protein; suggest supplementing maternal diet yeast improves milk production significantly
with brewer’s yeast as appropriate. more than simply adding similar nutrients.
Evaluate lactating mother’ sleep and rest, noting Inadequate sleep, resulting in excess fatigue, is
excess fatigue, family demands, and work or most common cause of inadequate milk supply,
social commitments. Discuss individual needs especially during 1st mo, when milk supply is
and options to meet these needs. being established.
Evaluate effectiveness of let-down reflex in Smoking and psychological stress may inhibit let-
lacating mother. If mother smokes, suggest that down reflex. While abstinence is preferred, the
she refrain or light cigarette after infant is sucking reality is that cessation of smoking may not occur
vigorously, rather than prior to feeding. Assist and achievable goals, such as reduction in
mother in evaluating stressors and using creative frequency/number of cigarettes may still be
problem solving. beneficial.
Review techniques used in formula preparation Many infant nutritional inadequacies are related to
and storage. Confirm that parents follow overdilution of commercial formulas, which
instructions for making powdered or concentrated results in inadequate calories, nutrients, and FTT.
formulas. Discourage home preparations of Use of home-prepared evaporated milk formulas
evaporated milk formula. has been linked to problems associated with improper measurement
and bacterial contamination.
Encourage continued use of formula for first 12 mo Skim milk contains about half the number of
of life. Discourage substitution of skim or calories in breast or commercial formulas; may not
whole cow’s milk. meet the infant’s energy needs; and may cause
deficiencies in iron, vitamin C, and fatty acids. Use of
whole milk in the first 12 mo may place the infant at
risk for iron, vitamin C, and copper deficiencies.
Inspect infant for lesions; note swollen parotid May indicate poor nutritional state, affect oral
glands. intake.
Determine color, frequency, consistency, and Altered elimination pattern may suggest problem
odor of stool. with digestion and absorption. Foul-smelling stool
suggests parasitic infection. Diarrhea may reflect milk
intolerance or ingestion of cathartics in lactating
mother.
Auscultate bowel sounds; palpate abdomen. Note Abdominal distension and gas accumulation may
presence of loose stools, cramping, crying, reports be associated with ingestion of gas-producing
of vomiting, or chronic blood loss in GI tract. foods in lactating mother or with milk intolerance.
Immaturity of the intestinal tract increases
permeability to inadequately catabolized proteins,
which produces an allergic response or milk
intolerance in 1%–2% of infants.
Assess infant’s color, gestational age, and weight Iron stores are usually adequate until infant
at birth, and current weight gains. weight increases by 21/2 times. Pallor and inadequate
weight gain, however, may indicate anemia.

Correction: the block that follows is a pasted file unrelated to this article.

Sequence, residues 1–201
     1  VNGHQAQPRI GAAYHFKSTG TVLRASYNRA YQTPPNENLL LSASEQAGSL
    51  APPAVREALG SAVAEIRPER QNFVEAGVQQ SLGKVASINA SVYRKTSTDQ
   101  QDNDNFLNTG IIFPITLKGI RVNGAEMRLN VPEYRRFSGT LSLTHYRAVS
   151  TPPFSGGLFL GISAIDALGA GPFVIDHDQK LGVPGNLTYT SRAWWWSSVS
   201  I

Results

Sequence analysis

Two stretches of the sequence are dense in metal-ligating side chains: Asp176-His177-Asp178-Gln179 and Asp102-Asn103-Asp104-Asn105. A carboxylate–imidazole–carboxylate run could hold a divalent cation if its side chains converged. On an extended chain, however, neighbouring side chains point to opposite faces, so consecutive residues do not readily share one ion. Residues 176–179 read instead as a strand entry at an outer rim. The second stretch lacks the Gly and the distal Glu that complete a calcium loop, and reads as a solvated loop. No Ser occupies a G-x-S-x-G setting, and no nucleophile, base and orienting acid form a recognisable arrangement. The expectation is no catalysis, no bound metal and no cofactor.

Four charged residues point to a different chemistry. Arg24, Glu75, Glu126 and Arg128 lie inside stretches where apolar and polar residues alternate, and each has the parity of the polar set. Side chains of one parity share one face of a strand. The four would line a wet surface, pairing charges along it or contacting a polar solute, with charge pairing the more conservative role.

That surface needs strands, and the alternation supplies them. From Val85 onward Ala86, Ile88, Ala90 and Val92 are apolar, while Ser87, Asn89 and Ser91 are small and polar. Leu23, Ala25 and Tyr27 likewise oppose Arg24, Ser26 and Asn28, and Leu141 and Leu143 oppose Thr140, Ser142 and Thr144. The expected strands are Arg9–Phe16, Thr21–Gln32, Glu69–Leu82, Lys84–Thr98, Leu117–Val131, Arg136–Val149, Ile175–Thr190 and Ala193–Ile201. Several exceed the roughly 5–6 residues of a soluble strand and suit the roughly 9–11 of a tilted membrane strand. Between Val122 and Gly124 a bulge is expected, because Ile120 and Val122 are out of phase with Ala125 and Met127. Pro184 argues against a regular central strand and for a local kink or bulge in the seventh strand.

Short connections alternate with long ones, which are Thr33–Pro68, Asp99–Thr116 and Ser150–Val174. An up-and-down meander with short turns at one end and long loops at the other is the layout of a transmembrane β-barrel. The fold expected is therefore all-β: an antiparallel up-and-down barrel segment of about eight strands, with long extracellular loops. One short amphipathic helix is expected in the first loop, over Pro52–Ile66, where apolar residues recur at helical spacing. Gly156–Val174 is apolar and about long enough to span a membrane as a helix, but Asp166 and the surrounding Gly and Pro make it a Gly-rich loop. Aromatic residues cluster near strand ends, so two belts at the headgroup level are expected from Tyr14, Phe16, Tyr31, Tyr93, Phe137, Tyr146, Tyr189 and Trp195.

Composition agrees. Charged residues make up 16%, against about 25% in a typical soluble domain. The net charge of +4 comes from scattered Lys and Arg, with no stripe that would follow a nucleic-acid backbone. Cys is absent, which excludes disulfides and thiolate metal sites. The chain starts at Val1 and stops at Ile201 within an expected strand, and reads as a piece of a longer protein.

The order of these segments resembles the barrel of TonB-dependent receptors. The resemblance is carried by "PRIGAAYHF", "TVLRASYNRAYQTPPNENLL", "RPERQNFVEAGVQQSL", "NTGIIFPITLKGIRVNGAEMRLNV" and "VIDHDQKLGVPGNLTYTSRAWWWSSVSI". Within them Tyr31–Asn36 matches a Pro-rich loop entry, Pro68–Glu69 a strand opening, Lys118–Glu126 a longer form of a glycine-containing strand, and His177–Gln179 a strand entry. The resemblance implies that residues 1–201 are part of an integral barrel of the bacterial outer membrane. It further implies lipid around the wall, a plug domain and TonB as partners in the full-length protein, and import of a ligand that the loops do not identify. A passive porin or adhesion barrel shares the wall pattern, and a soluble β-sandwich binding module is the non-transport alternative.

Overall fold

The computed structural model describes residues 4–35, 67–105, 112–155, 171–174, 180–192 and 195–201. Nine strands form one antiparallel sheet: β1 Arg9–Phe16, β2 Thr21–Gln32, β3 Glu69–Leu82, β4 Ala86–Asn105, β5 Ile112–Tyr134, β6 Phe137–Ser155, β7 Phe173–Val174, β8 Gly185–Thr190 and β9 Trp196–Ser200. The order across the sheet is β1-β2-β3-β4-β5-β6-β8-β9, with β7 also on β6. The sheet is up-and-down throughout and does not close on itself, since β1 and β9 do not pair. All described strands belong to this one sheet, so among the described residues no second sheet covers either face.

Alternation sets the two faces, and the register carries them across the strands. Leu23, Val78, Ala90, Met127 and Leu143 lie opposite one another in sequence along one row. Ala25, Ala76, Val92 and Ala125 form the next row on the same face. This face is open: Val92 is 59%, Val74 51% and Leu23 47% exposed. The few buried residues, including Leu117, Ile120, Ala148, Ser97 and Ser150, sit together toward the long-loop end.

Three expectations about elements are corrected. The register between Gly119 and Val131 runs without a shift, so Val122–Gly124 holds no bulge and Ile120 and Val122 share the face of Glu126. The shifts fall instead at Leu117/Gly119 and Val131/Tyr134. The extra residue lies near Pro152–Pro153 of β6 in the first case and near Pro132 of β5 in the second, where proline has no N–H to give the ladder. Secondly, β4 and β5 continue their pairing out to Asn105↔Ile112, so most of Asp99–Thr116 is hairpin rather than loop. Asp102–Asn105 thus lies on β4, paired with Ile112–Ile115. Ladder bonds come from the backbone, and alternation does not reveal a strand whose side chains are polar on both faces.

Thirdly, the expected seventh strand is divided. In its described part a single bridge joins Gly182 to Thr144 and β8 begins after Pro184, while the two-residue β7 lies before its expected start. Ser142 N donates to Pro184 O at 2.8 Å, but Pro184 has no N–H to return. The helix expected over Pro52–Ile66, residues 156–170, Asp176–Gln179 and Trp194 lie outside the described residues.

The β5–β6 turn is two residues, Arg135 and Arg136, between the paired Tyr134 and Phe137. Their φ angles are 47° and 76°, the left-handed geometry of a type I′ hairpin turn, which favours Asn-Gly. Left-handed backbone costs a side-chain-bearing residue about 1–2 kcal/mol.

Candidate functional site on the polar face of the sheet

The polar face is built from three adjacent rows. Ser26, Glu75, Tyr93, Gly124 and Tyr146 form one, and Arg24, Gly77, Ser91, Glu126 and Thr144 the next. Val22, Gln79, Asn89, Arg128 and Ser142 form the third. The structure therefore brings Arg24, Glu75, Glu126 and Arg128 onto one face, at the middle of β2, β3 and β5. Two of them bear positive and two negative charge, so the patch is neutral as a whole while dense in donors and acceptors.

Auscultate apical pulse and count respirations Persistent tachycardia >160–200 bpm associated
as indicated. with increased respiratory rate suggests anemia.
Note excessive or forceful vomiting of nonbilious, May indicate hypertrophic pyloric stenosis,
possibly blood-tinged emesis; visible gastric waves especially if infant appears alert and hungry, fails
moving right to left across epigastrium; and to gain weight, and has a history of recurrent
palpable olive-shaped mass in epigastric region. vomiting.

Collaborative
Provide information as needed about prescribed Alternative formulas relieve symptoms associated
alternatives to milk, such as soy milk formulas or with cow’s milk intolerance.
hydrolyzed protein and amino acid mixtures.
Refer to social services or WIC program, as Additional assistance may be needed to meet
indicated. infant/maternal nutritional needs if financial resources are limited.
Instruct in addition to human milk fortifiers FTT infants who are breastfed may benefit from
(HMF), as indicated, to breast milk, which is having the mother bottlefeed breast milk
pumped and stored for feedings. supplemented with extra calories until the infant is
gaining weight appropriately on a consistent basis.
Note: The morning and evening feeding may be from
the breast in order to support the maternal
breastfeeding experience.
Refer parents to pediatric nurse for assistance with Surgical management or pyloromyotomy is the
surgical preparation and care if pyloric stenosis standard treatment for hypertrophic pyloric
is confirmed. stenosis; prognosis is excellent, and mortality is low.

NURSING DIAGNOSIS: NUTRITION: altered, risk for more than body requirements
Risk Factors May Include: Obesity in one or both parents, rapid transition across growth
percentiles in infant
Possibly Evidenced By: [Not applicable; presence of signs/symptoms establishes an actual
diagnosis]
DESIRED OUTCOMES/EVALUATION Identify and adopt appropriate infant feeding
CRITERIA—PARENT(S) WILL: practices.
Explain factors that promote excess weight gains and eating problems.

ACTIONS/INTERVENTIONS RATIONALE

Independent
Assess measurement of infant’s weight/height Weight greater than the 85th percentile in relation
for age and sex. Determine anthropometric to height, age, sex, and body build is considered
assessment. obese. Although anthropometric assessment is most
accurate, serial weight and height measurements in
relation to age are fairly good predictors of obesity or
excess weight gain.
Review parental weight history. Heredity and family feeding practices contribute to
obesity. There is an 80% probability that if parents
are obese, the child will also be obese. If parents are
not obese, this probability is only 7%.
Note type of infant feeding (i.e., breast or bottle). Breastfed infants are less likely to be obese than
bottlefed infants, because the breastfed infant